10/21/2019 Jenny Gumbert

Autumn Research Fair 2019: Policy Issues Regarding Invisible Disabilities

Jake Stimell has always been interested in helping people. Now, thanks to opportunities that have opened to him as a student at Franklin & Marshall College, he is able to channel that altruistic inclination into his research.

Stimell is a recipient of the Marshall Fellowship, a program designed to encourage intellectual adventure and one that provides support to fellows for academic enrichment. His particular interests took him to an internship at the Invisible Disabilities Association (IDA), located in Castle Rock, Colo. 

“As someone with a personal connection to invisible disabilities and who wanted to gain experience in public policy, this seemed like a great fit,” said Stimell, a senior psychology major and sociology minor. “This internship allowed me to put some of the knowledge I have gained in college to use.”

  • Always interested in helping people, Stimell's research project involved contacting Colorado state legislators to promote the National Disability ID designator (NDID) legislation, which allows for voluntary disclosure of a disability on a state ID to aid interactions with law enforcement, first responders and educators. Always interested in helping people, Stimell's research project involved contacting Colorado state legislators to promote the National Disability ID designator (NDID) legislation, which allows for voluntary disclosure of a disability on a state ID to aid interactions with law enforcement, first responders and educators. Image Credit: Deb Grove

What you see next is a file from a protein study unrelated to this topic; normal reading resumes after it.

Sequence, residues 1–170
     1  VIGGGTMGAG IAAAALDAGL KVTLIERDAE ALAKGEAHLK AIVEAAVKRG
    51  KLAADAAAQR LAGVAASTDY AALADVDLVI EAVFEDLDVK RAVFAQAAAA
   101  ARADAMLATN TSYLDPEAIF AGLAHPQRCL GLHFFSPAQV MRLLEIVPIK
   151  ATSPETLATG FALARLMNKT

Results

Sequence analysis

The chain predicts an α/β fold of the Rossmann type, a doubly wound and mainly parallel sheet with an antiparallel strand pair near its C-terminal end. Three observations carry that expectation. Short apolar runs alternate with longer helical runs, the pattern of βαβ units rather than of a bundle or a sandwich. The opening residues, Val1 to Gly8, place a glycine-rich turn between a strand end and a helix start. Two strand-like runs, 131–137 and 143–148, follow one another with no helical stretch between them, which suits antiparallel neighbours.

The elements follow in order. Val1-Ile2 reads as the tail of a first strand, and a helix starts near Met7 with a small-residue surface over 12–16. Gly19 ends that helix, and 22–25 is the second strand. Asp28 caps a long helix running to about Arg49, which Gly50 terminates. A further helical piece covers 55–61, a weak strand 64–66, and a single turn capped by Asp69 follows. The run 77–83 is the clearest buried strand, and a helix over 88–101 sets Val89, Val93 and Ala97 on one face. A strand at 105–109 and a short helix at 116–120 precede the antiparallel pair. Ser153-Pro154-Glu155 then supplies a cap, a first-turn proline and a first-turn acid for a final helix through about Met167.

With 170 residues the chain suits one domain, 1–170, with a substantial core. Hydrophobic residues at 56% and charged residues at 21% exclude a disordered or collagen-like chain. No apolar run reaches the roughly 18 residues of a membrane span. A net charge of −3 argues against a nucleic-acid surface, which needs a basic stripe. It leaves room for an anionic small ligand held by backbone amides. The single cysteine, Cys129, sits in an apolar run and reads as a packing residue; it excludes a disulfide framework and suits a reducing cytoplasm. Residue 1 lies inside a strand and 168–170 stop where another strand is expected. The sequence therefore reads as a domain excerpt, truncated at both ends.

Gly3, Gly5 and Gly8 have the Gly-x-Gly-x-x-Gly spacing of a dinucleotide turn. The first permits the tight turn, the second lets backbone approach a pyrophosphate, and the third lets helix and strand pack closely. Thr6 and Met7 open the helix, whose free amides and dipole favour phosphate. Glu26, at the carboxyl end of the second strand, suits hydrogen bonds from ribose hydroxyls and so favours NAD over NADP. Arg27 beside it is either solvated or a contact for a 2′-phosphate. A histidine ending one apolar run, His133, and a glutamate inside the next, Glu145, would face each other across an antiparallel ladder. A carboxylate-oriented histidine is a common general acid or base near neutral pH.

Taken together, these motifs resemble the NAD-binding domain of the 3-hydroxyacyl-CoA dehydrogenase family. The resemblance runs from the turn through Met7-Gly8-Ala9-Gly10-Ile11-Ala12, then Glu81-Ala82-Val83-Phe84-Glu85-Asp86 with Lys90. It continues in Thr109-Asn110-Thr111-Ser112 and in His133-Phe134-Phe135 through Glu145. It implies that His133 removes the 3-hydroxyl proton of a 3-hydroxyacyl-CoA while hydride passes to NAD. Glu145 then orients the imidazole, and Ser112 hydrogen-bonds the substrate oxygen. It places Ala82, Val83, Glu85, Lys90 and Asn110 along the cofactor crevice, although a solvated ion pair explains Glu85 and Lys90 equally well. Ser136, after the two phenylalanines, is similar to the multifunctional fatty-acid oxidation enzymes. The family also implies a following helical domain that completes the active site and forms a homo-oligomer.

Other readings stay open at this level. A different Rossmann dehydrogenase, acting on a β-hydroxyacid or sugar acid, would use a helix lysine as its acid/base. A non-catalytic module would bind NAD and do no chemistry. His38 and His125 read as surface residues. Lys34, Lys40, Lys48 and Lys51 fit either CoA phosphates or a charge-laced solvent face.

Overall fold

During his internship, Stimell worked remotely, contacting state legislators in an attempt to promote the National Disability ID designator (NDID) legislation. This was significant work; NDID legislation would allow for voluntary disclosure of a disability on a state ID in an effort to aid interactions with law enforcement, first responders and educators. He also spent some time in Colorado with the executive director of the IDA, meeting with various executives at private companies and nonprofit organizations, and attempting to push the state ID initiative as well as the other IDA matters designed to improve the well-being of people living with invisible disabilities.

Stimell said that, on top of feeling fulfilled by the opportunity to pursue a subject that was meaningful to him, his favorite part of this project was the amount of independence he had and how that freedom pushed him out of his comfort zone. 

“The IDA allowed me free reign in structuring my Marshall Fellowship project,” Stimell said. “This allowed me to grow and figure out how to do things myself. In the end, pushing myself paid off and I was able to do interesting work and make great connections. I was proud of the contributions I made to an important cause.”

The impact of Stimell’s Marshall Fellowship project will endure; he plans to take the experience he gained at the IDA and knowledge he’s acquired at F&M with him as he pursues job opportunities in the area of disability studies, policy and research. 

“I am ready to explore options and see what is out there during my senior year,” Stimell said.  

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